UNIQUE NEEDS, PRECISE SCIENTIFIC WRITING


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Writing Help

There is somewhat of an art to writing a manuscripts, and we all have slightly different styles. However, regardless of your style and habits the following aims are desirable.

BE CONCISE. Don’t use 6 words to say something that could be said in 2 words.

BE DIRECT. Use direct language as much as possible.

MINIMIZE REPETITION. It is a drain on the reader to re-read the introductory rationale in the methods before the methods, and then to re-read the methods in the results before the results, and then to re-read the detailed results in the discussion. Referring back to things already presented should be as brief as possible.

For example, assume the following paragraph is in your rough draft Results section:

Before:
“Western blot experiments using 12% agarose gels with EtBr and monoclonal antibody against protein X at a dilution of 1:100 were conducted to assess the affects of the drug Q on protein X because too much protein X has serious health effects and the results showed that the expression of protein X was increased by a highly significant difference in the animals injected via i.p. with drug Q at a concentration of 10 mg/kg compared with the expression of protein X of the animals injected only with PBS. The effect is showed in Figure 2 and the p value of the comparison was less than .001. These results provide a clear demonstration that drug Q may be an effective treatment for Too Much X Disease”

The above paragraph could be made drastically more concise and direct, as shown below.

After:
“As shown in Figure 2, Western blot analysis revealed that drug Q treatment (10 mg/kg, i.p.) increased protein X levels (P < .001 vs. PBS controls).”


Editing Rationale:
1. Background for health risks of protein X was covered in the Introduction.
2. Western blot procedure was described in Methods.
3. Get straight to the point.
4. Once controls are described in methods, they can be referred to by name only from there forward.
5. You don’t need to say highly significant AND give p value.
6. Results should be pure- give the reader a chance to absorb the data, before you tell them what to think.
7. Save conclusions for discussion.

Common errors:
(1) Watch for misuse of articles (the, a, an).

(2) Only use the word of when necessary. For example, it is almost always better to say 'gene Q expression' than 'expression of gene Q'. An exception would be, if you are including a phrase immediately after that describes gene Q [...gene Q, an oncogene, was first described...]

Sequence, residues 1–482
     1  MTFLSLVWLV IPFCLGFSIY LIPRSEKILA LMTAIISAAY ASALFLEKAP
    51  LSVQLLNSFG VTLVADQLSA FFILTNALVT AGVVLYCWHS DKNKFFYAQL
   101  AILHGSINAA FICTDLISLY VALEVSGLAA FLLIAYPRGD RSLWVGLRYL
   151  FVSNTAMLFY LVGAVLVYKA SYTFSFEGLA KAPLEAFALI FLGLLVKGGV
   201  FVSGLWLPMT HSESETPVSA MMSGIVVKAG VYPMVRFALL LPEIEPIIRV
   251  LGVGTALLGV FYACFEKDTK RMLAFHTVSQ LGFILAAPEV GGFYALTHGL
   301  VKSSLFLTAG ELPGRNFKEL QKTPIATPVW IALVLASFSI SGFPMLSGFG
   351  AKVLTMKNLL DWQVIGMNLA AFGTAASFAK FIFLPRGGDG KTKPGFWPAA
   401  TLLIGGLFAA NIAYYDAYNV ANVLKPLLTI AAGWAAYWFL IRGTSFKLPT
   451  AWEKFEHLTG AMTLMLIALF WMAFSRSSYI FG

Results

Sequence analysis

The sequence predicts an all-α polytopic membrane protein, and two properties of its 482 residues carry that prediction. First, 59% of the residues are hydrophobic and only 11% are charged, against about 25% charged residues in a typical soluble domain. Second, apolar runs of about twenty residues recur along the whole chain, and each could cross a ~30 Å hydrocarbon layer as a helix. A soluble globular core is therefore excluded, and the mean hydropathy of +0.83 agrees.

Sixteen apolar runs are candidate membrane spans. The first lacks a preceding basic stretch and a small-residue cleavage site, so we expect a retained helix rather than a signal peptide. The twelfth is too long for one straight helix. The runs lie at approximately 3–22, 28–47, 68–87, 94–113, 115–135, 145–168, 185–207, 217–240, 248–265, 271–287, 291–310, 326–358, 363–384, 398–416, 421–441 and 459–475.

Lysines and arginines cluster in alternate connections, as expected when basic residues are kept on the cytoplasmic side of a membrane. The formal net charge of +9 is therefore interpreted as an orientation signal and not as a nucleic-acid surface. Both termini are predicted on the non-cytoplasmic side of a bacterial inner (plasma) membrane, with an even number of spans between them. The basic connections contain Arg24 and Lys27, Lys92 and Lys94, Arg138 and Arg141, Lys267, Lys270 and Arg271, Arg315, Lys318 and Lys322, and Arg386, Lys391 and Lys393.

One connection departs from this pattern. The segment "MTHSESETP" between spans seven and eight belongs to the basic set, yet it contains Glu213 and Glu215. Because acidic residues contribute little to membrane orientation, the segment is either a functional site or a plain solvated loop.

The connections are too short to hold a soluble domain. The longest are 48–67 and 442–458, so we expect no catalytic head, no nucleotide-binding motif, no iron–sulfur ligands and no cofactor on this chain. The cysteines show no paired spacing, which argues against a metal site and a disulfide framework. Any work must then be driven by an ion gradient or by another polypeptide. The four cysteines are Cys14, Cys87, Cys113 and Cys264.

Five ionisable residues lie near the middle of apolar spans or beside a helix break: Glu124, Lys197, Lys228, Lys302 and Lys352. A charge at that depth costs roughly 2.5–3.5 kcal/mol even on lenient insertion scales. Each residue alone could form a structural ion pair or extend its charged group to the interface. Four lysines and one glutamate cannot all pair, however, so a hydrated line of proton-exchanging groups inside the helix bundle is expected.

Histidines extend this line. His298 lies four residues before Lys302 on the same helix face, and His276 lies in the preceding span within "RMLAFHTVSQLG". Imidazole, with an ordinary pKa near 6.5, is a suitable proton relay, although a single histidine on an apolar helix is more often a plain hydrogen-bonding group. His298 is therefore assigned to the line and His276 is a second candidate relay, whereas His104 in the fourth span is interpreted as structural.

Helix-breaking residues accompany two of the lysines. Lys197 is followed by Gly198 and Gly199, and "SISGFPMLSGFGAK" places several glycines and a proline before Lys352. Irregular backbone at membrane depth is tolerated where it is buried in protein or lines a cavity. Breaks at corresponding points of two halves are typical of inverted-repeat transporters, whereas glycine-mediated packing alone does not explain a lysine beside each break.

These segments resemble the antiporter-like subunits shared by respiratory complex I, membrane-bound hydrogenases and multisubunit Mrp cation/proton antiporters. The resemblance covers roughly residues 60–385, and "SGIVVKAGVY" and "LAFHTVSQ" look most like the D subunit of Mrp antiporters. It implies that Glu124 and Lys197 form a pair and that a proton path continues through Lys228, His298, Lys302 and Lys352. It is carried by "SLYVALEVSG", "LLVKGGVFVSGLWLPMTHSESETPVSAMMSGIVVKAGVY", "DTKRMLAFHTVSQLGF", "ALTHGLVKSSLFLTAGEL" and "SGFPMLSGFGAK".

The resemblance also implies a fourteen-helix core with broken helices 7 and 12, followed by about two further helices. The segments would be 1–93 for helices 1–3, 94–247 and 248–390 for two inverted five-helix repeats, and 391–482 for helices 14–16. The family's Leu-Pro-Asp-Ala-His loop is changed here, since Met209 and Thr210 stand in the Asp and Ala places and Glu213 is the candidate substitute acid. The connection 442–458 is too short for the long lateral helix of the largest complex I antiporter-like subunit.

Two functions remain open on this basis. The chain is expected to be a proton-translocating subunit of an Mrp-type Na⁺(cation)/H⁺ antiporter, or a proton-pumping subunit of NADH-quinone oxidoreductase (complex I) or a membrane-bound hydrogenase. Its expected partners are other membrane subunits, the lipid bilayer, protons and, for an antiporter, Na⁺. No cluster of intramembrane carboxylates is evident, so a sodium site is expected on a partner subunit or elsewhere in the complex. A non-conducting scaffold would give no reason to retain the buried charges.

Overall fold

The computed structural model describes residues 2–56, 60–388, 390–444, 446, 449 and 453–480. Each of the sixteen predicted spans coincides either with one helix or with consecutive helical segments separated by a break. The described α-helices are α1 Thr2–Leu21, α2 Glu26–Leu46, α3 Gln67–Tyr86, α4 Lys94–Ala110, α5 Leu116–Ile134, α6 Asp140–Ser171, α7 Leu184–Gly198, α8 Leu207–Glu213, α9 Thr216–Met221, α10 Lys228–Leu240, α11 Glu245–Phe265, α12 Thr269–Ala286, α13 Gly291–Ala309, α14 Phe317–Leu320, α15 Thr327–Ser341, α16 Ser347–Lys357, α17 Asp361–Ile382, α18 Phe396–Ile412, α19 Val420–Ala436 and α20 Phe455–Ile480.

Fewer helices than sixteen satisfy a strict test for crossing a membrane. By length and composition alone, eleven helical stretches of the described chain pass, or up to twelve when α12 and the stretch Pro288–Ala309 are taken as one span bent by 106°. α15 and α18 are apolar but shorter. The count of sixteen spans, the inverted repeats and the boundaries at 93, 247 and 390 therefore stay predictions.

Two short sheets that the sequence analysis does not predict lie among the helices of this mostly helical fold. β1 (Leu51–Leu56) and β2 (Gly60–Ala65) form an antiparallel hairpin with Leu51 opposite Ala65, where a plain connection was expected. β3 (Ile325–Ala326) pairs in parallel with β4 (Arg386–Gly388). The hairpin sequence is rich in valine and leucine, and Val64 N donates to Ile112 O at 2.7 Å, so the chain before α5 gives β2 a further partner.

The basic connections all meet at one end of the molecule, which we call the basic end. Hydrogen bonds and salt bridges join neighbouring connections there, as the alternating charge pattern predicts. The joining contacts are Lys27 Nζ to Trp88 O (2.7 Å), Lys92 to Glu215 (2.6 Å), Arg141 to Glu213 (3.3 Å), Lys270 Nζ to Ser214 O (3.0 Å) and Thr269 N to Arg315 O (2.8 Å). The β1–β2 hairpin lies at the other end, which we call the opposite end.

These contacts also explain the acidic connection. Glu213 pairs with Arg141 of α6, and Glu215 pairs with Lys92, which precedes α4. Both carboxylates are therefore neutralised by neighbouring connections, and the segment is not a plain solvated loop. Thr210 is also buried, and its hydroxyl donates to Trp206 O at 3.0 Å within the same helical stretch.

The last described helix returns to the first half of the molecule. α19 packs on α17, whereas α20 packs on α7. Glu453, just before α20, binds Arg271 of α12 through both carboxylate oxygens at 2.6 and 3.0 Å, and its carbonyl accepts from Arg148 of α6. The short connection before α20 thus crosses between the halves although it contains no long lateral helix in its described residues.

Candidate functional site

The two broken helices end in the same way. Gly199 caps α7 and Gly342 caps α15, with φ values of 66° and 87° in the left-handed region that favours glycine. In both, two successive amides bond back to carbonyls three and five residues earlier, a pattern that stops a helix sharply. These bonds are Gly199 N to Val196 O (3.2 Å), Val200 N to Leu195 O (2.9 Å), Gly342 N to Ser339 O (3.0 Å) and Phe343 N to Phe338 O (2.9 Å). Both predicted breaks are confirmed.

(3) Limited vocabulary (i.e., try to avoid repeatedly saying the word 'different', though in many cases it would be better to say 'several', 'many' or 'various', depending on the sentence; or they may say 'smaller' when they should say 'fewer').

(4) There may be very long sentences that need to be broken into 2 or 3 shorter sentences. Similarly you may need to find a good spot to break a very long paragraph into 2.

(5) Be mindful of flow and transitions between sentences. Avoid using the pet phrase repeatedly, such as "On the other hand", when in many cases it would make more sense to say Whereas, Meanwhile, Moreover, By contrast, In addition, However, Although, etc.

(6) Avoid unnecessarily repeating information.

(7) Watch for overuse pronouns. Your reader should not have to do detective work to figure out the subject to which you are referring back.

(8) Watch for inconsistency of abbreviations. Abbreviations should be defined with first use in abstract and with first use in main body; once provided abbreviations should be used consistently.

Additional tips:
- Proper + consistent use of SI units (s, min, h, d; ml; g; mM)
- There should be spaces between numbers and units (5 mg, five milligrams). However symbols can be right next to number (50%, 4°C).
- At beginning of a sentence, numbers and units should be spelled out: “Ten liters of water…”
- Formatting should be consistent. Only English fonts should be used (i.e. no Simsum)


 

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